National towing service dead
The plan to establish a national towing service as stipulated in the Road Traffic Regulation, L.1. 2180 to promptly remove vehicles that break down on the country’s roads has now been discarded.
The Communications Manager of the Road Safety Management Services Limited (RSMSL), Mr Roland Walker, told the Daily Graphic that following the government’s directive for all private tow companies to register with the Ministry of Transport and offer post-paid services, RSMSL was now offering its services to the motoring public on demand.
He confirmed that the contract to tow break-down vehicles had been set aside, following the public outcry last year about the mandatory tow levy.
In 2011, RSMSL won a contract to tow broken down vehicles on major roads. In 2013, the RSML signed an agreement with the National Road Safety Commission (NRSC) pursuant to L.I. 2180 to tow broken down vehicles while motorists paid a mandatory levy.
The attempt to operationalise the contract generated a public outcry, forcing the RSML, which had imported 118 tow trucks into the country, to suspend its intention.
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According to Mr Walker, the Transport Sub Committee of Parliament was working on a draft amendment to L.I. 2180 to present to the plenary session.
The review seeks to remove the concept of mandatory towing levy on all owners and persons in charge of motor vehicles and trailers, as well as limit the role of the government in the provision of towing services to only licensing and regulating service providers.
Cost of operation
Mr Walker stated that about 35 of the company’s 118 tow trucks had been deployed in all regional capitals of the country but intimated that the company might withdraw those in the Upper East and Upper West regions because they were incurring cost being there.
“When we move the trucks, we have to pay the drivers as well as regularly service the vehicles so if they don’t bring revenue it is not worth leaving them there,” he said.
According to Mr Walker, the 83 remaining idle trucks were also creating cost for RSMSL as defective parts had to be replaced or repaired regularly although the trucks were not being used.
Checks by the Daily Graphic showed that an average of GH¢200 is charged for towing a vehicle within a 50 kilometre (km) radius.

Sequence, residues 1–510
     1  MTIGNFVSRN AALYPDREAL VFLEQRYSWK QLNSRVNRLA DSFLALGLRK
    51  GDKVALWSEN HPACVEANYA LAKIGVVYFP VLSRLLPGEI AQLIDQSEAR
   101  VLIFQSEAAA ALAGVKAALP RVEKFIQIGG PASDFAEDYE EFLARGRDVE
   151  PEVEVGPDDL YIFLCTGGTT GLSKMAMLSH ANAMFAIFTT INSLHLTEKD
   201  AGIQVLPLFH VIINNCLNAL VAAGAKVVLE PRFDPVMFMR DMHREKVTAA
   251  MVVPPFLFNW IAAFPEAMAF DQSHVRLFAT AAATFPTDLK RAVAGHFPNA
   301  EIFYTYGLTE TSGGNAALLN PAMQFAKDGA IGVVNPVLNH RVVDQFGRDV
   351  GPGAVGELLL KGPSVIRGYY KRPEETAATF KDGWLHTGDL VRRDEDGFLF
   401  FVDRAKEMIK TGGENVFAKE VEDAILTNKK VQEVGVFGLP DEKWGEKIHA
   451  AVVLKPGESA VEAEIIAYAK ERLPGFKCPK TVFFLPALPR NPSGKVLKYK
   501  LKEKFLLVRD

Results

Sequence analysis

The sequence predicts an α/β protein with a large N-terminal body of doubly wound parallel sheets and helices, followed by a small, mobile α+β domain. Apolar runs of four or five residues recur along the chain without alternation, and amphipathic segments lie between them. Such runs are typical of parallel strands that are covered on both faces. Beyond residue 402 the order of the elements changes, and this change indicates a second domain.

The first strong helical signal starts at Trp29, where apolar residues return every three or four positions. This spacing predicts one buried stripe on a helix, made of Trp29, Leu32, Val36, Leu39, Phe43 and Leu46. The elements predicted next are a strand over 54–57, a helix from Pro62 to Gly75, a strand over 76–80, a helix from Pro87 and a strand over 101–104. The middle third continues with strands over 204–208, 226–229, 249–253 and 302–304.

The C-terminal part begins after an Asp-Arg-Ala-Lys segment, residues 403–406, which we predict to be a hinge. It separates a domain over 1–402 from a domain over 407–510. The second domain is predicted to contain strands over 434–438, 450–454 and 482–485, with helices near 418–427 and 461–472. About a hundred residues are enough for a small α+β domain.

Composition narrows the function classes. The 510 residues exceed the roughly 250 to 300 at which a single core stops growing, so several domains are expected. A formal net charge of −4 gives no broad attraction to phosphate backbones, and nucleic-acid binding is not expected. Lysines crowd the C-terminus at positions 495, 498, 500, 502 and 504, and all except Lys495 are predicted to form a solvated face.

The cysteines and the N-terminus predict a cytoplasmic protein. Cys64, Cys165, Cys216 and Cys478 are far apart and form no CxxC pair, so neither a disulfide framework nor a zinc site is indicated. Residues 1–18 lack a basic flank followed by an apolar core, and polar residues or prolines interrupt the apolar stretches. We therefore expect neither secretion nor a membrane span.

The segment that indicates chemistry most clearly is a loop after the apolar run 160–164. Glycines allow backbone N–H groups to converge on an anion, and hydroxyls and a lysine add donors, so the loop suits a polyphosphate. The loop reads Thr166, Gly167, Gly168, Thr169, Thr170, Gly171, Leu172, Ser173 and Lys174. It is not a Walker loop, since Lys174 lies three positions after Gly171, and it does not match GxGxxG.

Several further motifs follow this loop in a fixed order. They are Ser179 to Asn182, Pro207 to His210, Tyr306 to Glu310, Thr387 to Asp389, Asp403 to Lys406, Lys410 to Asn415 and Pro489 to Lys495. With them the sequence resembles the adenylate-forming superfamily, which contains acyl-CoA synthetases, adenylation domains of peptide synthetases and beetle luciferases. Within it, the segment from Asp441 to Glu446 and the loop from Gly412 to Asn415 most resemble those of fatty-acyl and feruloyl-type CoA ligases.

The country continues to grapple with the timeous removal of disabled vehicles on the roads, which are a major cause of road accidents.
This necessitated the decision to contract a company to promptly take charge of such vehicles.
However, things got to a head in 2017 when the government, through the NRSC, announced that on July 1 that it would start implementing the L.I.2180, passed in 2012 which imposes a mandatory levy on all owners and persons in charge of motor vehicles for the purpose of towing break-down or disabled vehicles from the roads.
However, following a public uproar on the government’s decision and calls for a review of the mandatory towing levy, the government held extensive consultations with stakeholders in the transport sector, after which it decided to halt the implementation of the mandatory towing levy.
A statement signed by the Minister of Transport, Mr Kwaku Ofori Asiamah, and issued in Accra on August 20, 2017, said the government had decided to seek a review of parts of L.I. 2180 (Road Traffic Regulations, 2012).
Regarding the current state of the national towing service, the Head of Communications at the NRSC, Mr Kwame Koduah Atuahene, said: “We were asked to revise the law; we have done that and it is with the AG’s Office.”
Asked if there was going to be a National Towing Service, he responded: “There will be a towing project but the structure has changed from what we proposed to do the other time.”
He also confirmed that the contract with RSMSL was no more, adding that the contract was frustrated and nobody could salvage it.
At a meeting with owners and representatives of towing companies in Accra on September 7, 2017, the Senior Minister, Mr Yaw Osafo-Maafo, announced that until the law on road traffic regulations was amended, owners of break-down vehicles would pay for the cost of mandatory towing services after the services had been delivered to ensure safety on the roads.
He explained that the arrangement was to ensure the provision of towing services, while awaiting the L.I. 2180 amendment process.